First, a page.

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Thursday 12 February 2015

Lord Fink Protests Too Much

[Update at end of post]

While the deeply subversive Guardian continues the turn of the screw over what it has called “The HSBC Files”, there has been a mildly diverting interlude following yesterday’s Prime Minister’s Questions (PMQs), after Young Dave deployed a straight bat to anything HSBC related, and Mil The Younger described him asA dodgy Prime Minister surrounded by dodgy donors”. Arthur Daley goes to Switzerland, perhaps.
But the Miliband intervention that has generated most heat, if perhaps not too much light, has been his focus on just one man: “Let us take Stanley Fink, who gave £3 million to the Conservative party. The Prime Minister actually appointed him as treasurer of the party and gave him a peerage for good measure. Will he now explain what steps he is going to take about the tax avoidance activities of Lord Fink?

This precipitated a forthright and challenging response from Fink, who wrote to Miliband asserting “This allegation is untrue and defamatory”, continuing “I find it extraordinary that you have made claims against me that are without foundation or without contacting me. I challenge you to repeat your allegation outside the House of Commons – or to withdraw it publically [sic]”. So it’s game on, is it?

It seems that it is indeed on: as Isabel Hardman at the Speccy has noted, a Labour Party source has told her “David Cameron must explain whether he is happy to have appointed Lord Fink as a treasurer. Then it will be up to the public to judge” before telling “Miliband is going to repeat his allegations outside the Chamber, as soon as he is given the opportunity to do so”. My conclusion is that Fink is protesting a little too much.
Consider Miliband’s question to Cameron: he makes no specific allegation, merely inviting Dave to consider “the tax avoidance activities”. Fink’s letter talks about his Swiss HSBC account, but Miliband does not make an allegation about that. Had the Labour leader talked of “personal” tax avoidance in Switzerland, Fink would have had a point, but he didn’t. The question could have been aimed at his company’s activities, not Fink’s.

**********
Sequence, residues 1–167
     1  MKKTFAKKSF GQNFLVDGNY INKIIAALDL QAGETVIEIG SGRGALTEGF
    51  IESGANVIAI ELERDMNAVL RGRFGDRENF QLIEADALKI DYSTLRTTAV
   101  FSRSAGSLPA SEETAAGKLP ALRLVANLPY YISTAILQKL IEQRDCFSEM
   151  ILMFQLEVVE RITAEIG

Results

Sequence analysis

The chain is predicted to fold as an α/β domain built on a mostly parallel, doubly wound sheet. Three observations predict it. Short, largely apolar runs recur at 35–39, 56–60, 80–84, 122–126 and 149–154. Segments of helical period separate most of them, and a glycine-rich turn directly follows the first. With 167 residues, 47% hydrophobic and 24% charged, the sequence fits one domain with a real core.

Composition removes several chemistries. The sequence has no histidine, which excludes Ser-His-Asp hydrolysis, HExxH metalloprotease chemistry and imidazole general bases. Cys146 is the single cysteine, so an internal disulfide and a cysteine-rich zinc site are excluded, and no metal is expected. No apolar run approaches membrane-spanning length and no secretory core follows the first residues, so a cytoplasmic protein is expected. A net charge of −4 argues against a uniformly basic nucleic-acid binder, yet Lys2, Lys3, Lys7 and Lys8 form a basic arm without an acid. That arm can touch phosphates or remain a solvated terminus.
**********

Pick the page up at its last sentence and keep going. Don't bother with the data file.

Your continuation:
That company was the Man Group, and this snippet from the Guardian’s report is informative: “He opened Swiss accounts with HSBC in 1996 and 1997, which banked Man Group shares held in UK-registered bare trusts designed to minimise capital gains tax. Most of the trusts were wound up when he returned to London”. His response was to say “I was Swiss-resident … these were perfectly normal planning matters”.

Now consider this Guardian article from 2012, over which Fink has, apparently, not sued: “Lord Fink, the Tory donor and hedge fund chief, disclosed in an interview that he had lobbied George Osborne for a cut in taxes on invisible earnings so that he and other hedge funders no longer feel obliged to set up companies in places such as the Cayman Islands”. Does that give the impression of tax avoidance, or what?

Stanley Fink is begging the Guardian to dig deeper. Which is what he’s doing to himself.

[UPDATE 1245 hours: far from venturing anywhere near m'learned friends, Lord Fink has blinked first and conceded that he does indeed avoid tax.

He told Joe Murphy at the Standard "I don’t even want to sue Ed Miliband ... If he simply uses the words ‘Lord Fink did ordinary tax avoidance’ then no, I couldn’t sue him. But if he made the statement ‘dodgy’ about my bank account, that was potentially libellous".

But Miliband didn't say his bank account was "dodgy", and so the good Lord has backed down. Meanwhile, Miliband has visited his old comprehensive school in north London to make a speech in which he has stood by his comments at PMQs.

All of which means the Labour leader comes out of that one having been shown to have made the right call, and with his reputation suitably enhanced. Not a good 24 hours for the yah-boo boys, then]

1 comment:

rob said...

And The Green Party have a lot to answer too?

From Paul Waugh twitter feed yesterday

Cameron again refuses to say if he discussed tax avoidance with Lord Green. Is it because he can't remember? Or has Lord Green?"

I expect Cameron get's confused between Lord Green, Michael Green who of course advises him in the disguise of SpivvyShapps and Sir Philip Green who is just a normal run of the mill tax avoider.

And my mother used to say Greens do you good. How times have changed